The companies contacted content extractors (Dragnet and Newspaper content extractors) that, by design, removed the copyright information. OpenAI removed copyright management information to allow users to claim the publications’ works as their own. The lawsuit quotes OpenAI’s terms of use which suggest that end users own the output, even though the output contains reproductions of the Publications’ work. The lawsuit gives the example of ChatGPT producing a copy of a New York Daily News’ story and expressly stating that the user should “feel free” to incorporate it into their blog.

    Wrongly attributing hallucinations to the publications:

    The publications claim that OpenAI is causing them “commercial and competitive injury” by misattributing content to them. The lawsuit gives the example that in response to a query asking which New York newspapers provided evidence to support and promote the erroneous belief that injecting disinfectants could cure COVID-19, ChatGPT responded that the New York Daily News promoted this narrative.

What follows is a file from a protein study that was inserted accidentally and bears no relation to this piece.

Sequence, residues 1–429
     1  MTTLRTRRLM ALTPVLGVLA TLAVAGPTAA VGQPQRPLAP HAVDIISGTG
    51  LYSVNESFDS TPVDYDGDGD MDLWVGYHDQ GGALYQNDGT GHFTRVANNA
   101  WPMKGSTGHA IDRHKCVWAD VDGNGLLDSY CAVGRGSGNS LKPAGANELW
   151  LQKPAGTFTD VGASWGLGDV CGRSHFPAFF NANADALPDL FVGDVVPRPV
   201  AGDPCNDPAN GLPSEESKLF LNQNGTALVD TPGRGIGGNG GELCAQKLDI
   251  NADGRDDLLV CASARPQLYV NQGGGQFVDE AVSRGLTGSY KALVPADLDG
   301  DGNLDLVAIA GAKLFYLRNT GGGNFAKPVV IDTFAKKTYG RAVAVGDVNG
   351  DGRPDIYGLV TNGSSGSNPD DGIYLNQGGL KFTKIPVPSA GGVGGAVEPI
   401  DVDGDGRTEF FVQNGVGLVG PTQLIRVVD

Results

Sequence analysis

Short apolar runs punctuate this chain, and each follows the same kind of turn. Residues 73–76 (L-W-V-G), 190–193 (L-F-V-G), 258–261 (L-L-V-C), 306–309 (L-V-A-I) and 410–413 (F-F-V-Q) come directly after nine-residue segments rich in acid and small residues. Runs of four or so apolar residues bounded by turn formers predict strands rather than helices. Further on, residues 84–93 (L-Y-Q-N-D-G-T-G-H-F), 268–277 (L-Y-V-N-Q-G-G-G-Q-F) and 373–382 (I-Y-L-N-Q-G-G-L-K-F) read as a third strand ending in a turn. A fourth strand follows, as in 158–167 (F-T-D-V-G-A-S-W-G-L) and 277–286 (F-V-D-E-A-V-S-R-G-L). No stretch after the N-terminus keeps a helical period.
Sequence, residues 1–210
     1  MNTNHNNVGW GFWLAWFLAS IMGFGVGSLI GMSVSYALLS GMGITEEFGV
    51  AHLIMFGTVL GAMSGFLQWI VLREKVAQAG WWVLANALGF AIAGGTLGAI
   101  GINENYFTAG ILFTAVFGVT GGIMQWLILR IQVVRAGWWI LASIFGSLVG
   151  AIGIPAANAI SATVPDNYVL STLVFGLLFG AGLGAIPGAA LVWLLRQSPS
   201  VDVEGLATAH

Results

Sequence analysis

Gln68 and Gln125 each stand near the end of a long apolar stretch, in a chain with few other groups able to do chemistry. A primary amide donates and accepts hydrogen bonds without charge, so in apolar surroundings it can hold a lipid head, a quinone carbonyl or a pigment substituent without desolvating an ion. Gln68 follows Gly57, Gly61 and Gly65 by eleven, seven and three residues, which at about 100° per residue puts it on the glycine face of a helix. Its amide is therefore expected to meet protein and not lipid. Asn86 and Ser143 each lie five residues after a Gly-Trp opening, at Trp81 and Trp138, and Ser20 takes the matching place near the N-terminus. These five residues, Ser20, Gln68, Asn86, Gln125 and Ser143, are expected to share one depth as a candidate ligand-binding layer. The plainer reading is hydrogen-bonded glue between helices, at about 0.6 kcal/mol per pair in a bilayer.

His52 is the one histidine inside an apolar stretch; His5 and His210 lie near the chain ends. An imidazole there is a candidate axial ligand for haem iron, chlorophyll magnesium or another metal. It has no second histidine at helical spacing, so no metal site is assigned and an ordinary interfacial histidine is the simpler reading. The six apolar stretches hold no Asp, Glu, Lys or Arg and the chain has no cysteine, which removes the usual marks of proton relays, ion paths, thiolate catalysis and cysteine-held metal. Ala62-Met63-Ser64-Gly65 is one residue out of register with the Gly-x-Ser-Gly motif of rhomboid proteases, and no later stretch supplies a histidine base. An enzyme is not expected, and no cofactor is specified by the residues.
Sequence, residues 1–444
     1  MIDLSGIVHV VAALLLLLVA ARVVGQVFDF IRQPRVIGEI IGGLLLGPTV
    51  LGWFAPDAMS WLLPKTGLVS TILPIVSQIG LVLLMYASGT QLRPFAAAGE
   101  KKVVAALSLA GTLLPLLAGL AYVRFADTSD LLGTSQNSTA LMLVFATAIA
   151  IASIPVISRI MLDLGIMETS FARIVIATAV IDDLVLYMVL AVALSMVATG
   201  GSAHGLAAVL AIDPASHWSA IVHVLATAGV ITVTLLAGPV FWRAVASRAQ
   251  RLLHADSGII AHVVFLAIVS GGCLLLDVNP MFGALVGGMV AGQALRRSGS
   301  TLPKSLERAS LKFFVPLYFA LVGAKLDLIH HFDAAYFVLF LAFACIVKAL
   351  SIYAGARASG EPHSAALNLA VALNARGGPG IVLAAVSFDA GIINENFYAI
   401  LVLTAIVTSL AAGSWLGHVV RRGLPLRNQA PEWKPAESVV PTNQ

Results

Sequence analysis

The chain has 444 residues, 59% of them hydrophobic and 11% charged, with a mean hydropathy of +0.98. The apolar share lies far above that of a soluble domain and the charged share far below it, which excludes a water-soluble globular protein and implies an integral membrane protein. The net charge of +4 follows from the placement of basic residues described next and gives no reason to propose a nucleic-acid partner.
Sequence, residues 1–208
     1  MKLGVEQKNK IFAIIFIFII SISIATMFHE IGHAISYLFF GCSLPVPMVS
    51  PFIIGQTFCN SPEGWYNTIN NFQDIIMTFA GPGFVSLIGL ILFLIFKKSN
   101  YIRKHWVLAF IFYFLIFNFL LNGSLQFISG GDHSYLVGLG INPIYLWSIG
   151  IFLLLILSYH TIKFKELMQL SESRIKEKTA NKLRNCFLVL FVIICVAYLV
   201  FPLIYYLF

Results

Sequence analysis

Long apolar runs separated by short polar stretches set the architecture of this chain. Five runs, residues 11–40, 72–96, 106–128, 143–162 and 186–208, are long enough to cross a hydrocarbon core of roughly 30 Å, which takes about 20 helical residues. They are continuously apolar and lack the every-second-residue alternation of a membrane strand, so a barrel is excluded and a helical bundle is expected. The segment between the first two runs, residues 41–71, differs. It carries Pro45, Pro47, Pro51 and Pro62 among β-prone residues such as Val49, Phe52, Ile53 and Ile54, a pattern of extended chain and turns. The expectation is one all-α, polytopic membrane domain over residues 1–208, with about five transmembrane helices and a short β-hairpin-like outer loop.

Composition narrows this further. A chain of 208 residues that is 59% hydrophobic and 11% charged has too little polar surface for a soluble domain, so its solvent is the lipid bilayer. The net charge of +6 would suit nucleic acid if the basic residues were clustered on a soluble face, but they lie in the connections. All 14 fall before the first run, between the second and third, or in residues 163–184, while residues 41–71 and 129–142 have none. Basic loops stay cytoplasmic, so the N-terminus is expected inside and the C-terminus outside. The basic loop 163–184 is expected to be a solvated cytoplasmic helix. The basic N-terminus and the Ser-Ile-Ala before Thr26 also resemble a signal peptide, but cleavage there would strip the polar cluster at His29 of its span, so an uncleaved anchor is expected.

The Browse with Bing plug and Copilot adversely impact news website views:

    The publications argued that Copilot and the Browse with Bing feature have the ability to create summaries of search result content. This makes it completely unnecessary for a reader to visit the news publications’ websites. These search result summaries “maintain engagement with Defendants’ [Microsoft and OpenAI] own sites and applications instead of referring users to the Publishers’ websites in the same way as organic listings of search results,” the lawsuit reads.